Because Granny Lou and Papa are here, Noel and I have a chance to get away for a night. We came to Eureka Springs, an oddball enclave of artists, new agers, bikers, ghosts, and wedding parties.
On the way we drove through a lightning storm and downpour, even pulling over for awhile when it was coming down too hard to see much. We got a phone call from my folks while we were still driving with the somewhat disturbing news that the power had gone out -- the one thing Archer gets anxious about whenever there's a thunderstorm warning. Later when we called again, we caught them on the way to the kids' swim lesson, and found that the power was also out at the Hendrix Aquatic Center.
We had a nice stroll around the streets of the city and a terrific dinner at a little dive bar. When we got back to the hotel, I nervously called again. I hated to think that I had left the grandparents with the kids at the precise moment their routine was about to be disrupted by a combination of disappointment (their last swim lesson canceled) and fear (bedtime with no nightlights or radios).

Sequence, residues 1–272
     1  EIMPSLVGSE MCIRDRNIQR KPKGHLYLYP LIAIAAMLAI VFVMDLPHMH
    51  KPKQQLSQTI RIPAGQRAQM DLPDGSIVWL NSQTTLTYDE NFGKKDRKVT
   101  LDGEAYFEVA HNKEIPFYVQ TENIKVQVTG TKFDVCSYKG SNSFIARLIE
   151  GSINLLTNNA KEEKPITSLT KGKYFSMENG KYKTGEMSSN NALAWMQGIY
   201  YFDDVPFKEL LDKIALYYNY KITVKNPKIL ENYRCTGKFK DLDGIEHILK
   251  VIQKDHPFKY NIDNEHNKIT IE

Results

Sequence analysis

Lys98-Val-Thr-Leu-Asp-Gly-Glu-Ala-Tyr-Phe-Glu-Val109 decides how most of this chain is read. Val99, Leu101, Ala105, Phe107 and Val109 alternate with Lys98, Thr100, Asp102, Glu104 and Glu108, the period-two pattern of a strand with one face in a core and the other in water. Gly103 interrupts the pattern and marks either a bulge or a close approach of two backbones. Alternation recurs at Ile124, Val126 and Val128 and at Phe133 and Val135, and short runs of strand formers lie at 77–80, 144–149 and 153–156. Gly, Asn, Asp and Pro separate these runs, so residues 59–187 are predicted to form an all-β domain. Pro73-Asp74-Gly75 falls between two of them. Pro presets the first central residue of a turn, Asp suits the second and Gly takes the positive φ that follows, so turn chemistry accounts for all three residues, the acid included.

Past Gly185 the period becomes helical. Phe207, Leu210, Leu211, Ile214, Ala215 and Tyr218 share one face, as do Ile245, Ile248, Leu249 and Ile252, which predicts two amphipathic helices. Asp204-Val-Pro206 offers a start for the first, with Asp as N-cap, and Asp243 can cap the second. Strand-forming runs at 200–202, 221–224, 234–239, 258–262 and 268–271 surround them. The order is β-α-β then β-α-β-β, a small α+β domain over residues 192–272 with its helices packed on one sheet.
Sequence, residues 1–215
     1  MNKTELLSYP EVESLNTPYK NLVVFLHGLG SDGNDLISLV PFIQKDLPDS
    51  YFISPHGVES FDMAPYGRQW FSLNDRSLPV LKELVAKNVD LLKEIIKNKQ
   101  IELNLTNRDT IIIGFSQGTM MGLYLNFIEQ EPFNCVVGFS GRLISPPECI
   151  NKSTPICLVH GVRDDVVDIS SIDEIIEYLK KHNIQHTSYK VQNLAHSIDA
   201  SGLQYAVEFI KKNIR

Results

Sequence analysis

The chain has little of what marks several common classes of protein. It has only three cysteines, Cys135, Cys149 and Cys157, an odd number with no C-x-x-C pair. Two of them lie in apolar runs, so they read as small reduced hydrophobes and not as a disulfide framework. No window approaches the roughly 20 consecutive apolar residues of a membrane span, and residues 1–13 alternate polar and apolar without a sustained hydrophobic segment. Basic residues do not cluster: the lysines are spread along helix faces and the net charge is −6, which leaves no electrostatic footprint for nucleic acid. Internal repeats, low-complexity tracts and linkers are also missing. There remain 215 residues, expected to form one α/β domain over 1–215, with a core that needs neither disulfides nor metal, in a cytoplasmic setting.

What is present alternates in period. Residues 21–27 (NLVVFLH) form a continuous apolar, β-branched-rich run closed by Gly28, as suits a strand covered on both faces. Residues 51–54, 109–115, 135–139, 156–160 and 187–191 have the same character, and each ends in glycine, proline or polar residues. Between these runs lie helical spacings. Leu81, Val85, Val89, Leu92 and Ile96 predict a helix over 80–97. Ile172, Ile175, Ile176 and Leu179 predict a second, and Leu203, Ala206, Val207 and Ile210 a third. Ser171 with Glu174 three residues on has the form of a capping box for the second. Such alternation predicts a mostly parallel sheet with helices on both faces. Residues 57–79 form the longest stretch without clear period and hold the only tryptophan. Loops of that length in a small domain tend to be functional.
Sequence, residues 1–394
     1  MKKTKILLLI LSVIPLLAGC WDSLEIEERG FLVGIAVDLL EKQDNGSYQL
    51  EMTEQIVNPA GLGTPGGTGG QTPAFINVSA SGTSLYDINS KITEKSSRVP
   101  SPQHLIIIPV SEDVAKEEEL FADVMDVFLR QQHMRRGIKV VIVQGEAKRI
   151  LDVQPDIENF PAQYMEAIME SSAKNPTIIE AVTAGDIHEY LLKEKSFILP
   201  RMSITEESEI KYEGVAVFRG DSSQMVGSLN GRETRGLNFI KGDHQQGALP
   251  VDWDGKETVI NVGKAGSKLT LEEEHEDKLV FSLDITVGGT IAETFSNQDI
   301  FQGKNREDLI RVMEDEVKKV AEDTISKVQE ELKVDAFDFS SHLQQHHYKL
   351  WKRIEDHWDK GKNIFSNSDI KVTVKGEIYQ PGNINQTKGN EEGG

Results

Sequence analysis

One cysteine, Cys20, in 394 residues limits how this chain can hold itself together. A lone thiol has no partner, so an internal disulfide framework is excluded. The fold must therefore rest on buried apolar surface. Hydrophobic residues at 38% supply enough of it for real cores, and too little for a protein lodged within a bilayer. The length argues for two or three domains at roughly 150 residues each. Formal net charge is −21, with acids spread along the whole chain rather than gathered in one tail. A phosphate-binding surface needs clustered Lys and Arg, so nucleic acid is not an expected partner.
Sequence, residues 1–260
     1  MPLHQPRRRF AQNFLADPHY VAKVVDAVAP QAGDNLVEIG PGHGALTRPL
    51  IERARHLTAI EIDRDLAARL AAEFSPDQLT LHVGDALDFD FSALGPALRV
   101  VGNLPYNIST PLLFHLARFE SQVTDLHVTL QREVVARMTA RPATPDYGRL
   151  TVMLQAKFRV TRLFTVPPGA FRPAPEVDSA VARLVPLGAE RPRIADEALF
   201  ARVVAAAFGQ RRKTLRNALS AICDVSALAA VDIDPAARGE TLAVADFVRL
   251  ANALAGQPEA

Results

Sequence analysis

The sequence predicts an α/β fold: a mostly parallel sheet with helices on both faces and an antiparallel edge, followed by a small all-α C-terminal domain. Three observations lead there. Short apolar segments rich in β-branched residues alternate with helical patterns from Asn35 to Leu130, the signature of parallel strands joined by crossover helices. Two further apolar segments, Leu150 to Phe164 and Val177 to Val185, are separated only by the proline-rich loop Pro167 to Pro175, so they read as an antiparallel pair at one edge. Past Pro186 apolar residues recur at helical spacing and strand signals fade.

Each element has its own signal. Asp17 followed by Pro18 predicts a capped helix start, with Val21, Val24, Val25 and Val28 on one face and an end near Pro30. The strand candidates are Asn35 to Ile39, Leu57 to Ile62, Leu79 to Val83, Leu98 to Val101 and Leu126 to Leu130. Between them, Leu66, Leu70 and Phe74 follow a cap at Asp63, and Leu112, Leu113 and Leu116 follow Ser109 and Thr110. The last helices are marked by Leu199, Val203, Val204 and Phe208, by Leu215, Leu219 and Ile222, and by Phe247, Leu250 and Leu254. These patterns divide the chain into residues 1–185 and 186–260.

How relieved I was to hear that everything was back to normal. The swim lesson went on as planned, and their teachers praised them to the skies for their efforts. Back at the house, all the lights were on. And as Archer told me, "We played the fastest game of Sorry on record. We just zipped around the board and into Home. And I won the game." (Cady Gray: "We played Sorry and Granny Lou was the yellow pieces. I was blue, and I won! Actually, everyone was a winner.")
Although we're only a few hours away, and although Archer is a lot more flexible than he was when he was younger, it's still a little nerve-racking to leave him. We've grown used to anticipating his needs and thinking in his terms that sometimes we forget that there's anything unusual about him at all. And then we go for a walk with his grandparents, and he spends twenty minutes quoting from the Mario Kart Wii instruction manual, and we remember.
It's good to be child-free for twenty-four hours. But it will be good to be back where we belong, too, taking care of the children who need us.